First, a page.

Another three Cuban migrants arrived on the shores of the Florida Keys on Tuesday morning — the latest in a wave of arrivals that has brought more than 100 Cubans with dry feet to South Florida in the last week alone.
Todd Bryant, U.S. Border Patrol Miami Division Chief, said three Cuban men arrived on Sugarloaf Key at about 6 a.m Tuesday. Their arrival marks the eighth landing by Cuban nationals in the Keys since July 12.
On Monday, 51 Cubans arrived in three separate vessels.
At 1:18 a.m., a group of nine Cubans arrived near Key Largo. The group was at sea for six days after departing from Punta Alegre in north central Cuba. At about 10 a.m., another three Cubans arrived in the Middle Keys community of Key Colony Beach after traveling for two days from Villa Clara, just west of Punta Alegre. Both groups traveled in a “single-engine rustic vessel” and arrived in good health, according to the U.S. Border Patrol.
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On Monday night at about 9, 39 Cubans made a three-day journey from Santa Clara, also in north central Cuba, and touched land near Sugarloaf Boulevard on Summerland Key in two “go-fast” type vessels, Bryant said. Four in the group were taken to the hospital and the other 35 — 30 men and five women — were all healthy.
106 percent Increase in Cuban migrant arrivals by boat to South Florida over this time last year
On Sunday, another group of 13 Cuban men traveled from Ciego de Ávila in the southern central part of the island on a single-engine rustic vessel for four days before arriving in Marathon.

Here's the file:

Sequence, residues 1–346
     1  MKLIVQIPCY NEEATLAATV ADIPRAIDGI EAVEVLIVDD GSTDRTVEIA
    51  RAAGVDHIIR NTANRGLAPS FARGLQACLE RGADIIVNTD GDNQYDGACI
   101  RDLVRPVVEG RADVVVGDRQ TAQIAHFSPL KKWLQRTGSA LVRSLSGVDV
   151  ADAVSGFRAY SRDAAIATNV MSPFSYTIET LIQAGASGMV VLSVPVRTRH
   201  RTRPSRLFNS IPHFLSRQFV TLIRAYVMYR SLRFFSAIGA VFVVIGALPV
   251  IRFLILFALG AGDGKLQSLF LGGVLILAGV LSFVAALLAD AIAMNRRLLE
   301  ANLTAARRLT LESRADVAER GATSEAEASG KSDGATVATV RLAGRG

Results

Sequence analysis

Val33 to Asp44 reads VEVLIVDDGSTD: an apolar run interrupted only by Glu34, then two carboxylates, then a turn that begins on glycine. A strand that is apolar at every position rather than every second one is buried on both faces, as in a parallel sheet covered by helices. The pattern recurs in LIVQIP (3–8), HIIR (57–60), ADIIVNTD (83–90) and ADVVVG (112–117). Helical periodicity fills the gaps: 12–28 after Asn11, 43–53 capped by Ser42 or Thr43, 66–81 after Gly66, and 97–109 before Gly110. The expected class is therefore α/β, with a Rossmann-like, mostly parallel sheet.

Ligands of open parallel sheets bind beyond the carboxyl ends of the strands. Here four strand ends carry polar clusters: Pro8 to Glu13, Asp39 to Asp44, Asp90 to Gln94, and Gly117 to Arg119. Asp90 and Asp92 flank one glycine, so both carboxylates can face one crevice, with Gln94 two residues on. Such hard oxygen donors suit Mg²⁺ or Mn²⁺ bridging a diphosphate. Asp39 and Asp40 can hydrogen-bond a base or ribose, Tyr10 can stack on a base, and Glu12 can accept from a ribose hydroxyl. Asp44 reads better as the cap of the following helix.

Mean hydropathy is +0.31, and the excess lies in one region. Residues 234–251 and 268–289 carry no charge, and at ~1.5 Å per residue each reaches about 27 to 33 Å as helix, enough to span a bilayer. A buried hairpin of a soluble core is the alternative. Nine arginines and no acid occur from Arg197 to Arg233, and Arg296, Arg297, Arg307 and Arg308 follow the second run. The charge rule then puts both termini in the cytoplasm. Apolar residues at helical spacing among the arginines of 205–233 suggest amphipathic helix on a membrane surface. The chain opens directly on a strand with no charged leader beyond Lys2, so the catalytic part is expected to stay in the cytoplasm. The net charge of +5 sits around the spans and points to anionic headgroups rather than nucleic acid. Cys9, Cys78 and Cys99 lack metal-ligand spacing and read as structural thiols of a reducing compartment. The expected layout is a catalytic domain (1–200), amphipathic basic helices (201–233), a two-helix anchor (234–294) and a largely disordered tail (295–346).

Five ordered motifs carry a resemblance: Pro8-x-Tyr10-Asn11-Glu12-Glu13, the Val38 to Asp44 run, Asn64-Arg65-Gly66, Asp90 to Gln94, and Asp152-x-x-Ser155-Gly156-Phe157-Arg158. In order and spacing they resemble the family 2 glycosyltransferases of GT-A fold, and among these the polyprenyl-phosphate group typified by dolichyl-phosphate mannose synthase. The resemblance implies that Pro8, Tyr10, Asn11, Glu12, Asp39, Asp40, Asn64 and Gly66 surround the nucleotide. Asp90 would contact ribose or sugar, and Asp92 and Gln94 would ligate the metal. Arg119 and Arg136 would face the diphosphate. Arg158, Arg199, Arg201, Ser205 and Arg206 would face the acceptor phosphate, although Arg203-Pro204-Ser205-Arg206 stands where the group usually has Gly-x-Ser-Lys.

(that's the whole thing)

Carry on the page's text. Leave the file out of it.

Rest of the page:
The surge over the weekend, although slightly elevated, is in line with the usual summer uptick in arrivals due to better weather conditions for crossing the Florida Straits, said Becky Herrin, a spokeswoman for the Monroe County Sheriff’s Office.
Earlier in the week, six Cubans from Havana arrived on a small fishing vessel in Key West and another 13, also from Havana, landed in Dry Tortugas National Park, west of Key West. Both groups arrived on Wednesday. On July 12, a 24-person group made it near Sand Key in Biscayne National Park on a “go-fast” vessel.
The number of Cuban migrants arriving in South Florida by boat has surged since late 2014 when President Barack Obama announced the U.S. was reestablishing ties with the island nation. This month, South Florida has seen a 106 percent increase in successful boat migrations over the same time last year, Bryant said.
Cubans who make it to dry land are allowed to stay in the U.S. and apply for residency a year and a day after their arrival date as per the “wet-foot, dry-foot” policy of the Cuban Adjustment Act. All Cubans who are intercepted at sea are sent back to the island.
Following the thawing of relations, Cubans have left the island in record numbers fearing a change to the U.S. policy that affords Cubans special immigration benefits not extended to immigrants from other countries.